Quannapowitt Radio Association members Bob Reiser, AA1M, and Mike Rioux, W1USN, will be making their annual mini-dxpedition this year to Costa Rica. Their trip begins on February 2; they return home on the 13th. Bob and Mike expect to use all HF bands on SSB, CW and digital with “some trials on the AMSAT satellites.” Last year, the two discovered they could operate simultaneously using FT8 because the timing for transmit and receive are the same.
AA1M and W1USN will be on the lookout for calls from QRA members. They indicate skeds can be arranged via email while they are in TI-land.
—Thanks, QRA Newsletter, January 2019
The Whitman Amateur Radio Club will hold its Winterfest on January 19, 2019 from 9 AM until 1 PM at the Knights of Columbus Hall, Route 18, in Whitman. A VE testing session will be conducted at the event. Admission is $5; tables cost $15. Raffle prizes will be drawn at noon. Talk-in will be provided on the Whitman ARC repeater: 147.225Mhz+ PL67. For vendor information, call: 781-523-5010 or visit http://www.wa1npo.org/WF/Winterfest2019Flyer.pdf.
The ARRL invites nominations for awards that recognize educational and technological pursuits in Amateur Radio. Nominations are also open for ARRL’s premier award to honor a young licensee — the Hiram Percy Maxim Award. [Full story]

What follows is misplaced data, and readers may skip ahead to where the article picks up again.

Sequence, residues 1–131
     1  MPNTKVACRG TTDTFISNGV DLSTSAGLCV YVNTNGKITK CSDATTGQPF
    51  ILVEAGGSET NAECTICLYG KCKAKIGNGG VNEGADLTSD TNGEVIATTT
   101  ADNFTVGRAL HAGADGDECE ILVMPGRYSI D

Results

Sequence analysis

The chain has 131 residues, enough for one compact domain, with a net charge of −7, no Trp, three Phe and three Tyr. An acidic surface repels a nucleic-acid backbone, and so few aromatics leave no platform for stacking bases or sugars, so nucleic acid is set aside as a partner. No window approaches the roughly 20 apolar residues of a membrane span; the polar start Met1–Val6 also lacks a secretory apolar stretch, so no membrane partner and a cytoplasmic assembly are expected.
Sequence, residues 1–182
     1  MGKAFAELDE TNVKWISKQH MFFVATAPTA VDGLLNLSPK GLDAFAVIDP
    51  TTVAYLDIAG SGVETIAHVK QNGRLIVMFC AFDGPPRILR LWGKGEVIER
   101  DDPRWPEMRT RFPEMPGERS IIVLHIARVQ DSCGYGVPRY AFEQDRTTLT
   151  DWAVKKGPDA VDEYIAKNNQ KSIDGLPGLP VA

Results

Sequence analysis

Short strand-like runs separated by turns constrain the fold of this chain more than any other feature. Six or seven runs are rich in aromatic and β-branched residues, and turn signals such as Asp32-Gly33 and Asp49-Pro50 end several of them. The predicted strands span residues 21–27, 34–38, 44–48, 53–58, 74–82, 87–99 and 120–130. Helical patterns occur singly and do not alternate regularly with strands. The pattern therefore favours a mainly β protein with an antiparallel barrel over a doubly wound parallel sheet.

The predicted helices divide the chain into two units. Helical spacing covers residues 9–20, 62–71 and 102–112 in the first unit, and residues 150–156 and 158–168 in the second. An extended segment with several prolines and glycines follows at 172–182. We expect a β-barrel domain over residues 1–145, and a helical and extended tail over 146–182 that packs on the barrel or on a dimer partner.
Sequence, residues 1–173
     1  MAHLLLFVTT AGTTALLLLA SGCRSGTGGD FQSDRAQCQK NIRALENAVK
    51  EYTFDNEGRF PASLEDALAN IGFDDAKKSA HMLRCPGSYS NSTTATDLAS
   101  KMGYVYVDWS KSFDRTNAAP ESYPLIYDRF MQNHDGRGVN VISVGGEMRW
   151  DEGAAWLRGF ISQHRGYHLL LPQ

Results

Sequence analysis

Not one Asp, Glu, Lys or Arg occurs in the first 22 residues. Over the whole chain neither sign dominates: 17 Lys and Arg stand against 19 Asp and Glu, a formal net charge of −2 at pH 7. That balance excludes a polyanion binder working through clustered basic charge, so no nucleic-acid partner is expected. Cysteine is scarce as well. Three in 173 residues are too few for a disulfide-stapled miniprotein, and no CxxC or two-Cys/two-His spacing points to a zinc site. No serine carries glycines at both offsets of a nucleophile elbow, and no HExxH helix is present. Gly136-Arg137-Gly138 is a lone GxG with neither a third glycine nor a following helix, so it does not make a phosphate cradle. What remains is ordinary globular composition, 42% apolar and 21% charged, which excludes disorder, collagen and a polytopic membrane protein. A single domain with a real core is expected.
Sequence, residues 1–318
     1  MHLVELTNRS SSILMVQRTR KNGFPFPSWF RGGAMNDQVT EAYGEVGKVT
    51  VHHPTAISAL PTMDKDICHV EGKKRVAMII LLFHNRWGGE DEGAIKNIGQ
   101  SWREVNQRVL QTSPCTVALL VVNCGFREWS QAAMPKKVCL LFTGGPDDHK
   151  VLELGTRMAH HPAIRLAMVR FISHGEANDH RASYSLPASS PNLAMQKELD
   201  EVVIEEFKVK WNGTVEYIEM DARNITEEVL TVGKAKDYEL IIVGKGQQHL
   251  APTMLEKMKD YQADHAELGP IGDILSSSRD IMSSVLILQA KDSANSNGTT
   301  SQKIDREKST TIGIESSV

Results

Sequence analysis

The Massachusetts Institute of Technology (MIT) Radio Society (W1MX) and the Department of Electrical Engineering and Computer Science (EECS) are hosting a series of public lectures on “everything radio,” presented by academics and industry professionals. The series begins on Tuesday, January 8, at 5:30 PM ET in Building 3, Room 270.
Each self-contained talk will address a different facet of radio, ranging from modulation, propagation, and Amateur Radio, to radar, radio astronomy, space-based applications, and cellular and 5G technology. [Full story]
Well known contester Tim Duffy, K3LR, will present Contest University via Skype at the Minuteman Repeater Association meeting on January 16 at 7 PM. The meeting will be held at New England Sci-Tech, 16 Tech Circle, Natick.
Duffy is a well know contester and the owner of the multi-multi contest superstation K3LR. He will discuss the following topics, followed by a Q&A session: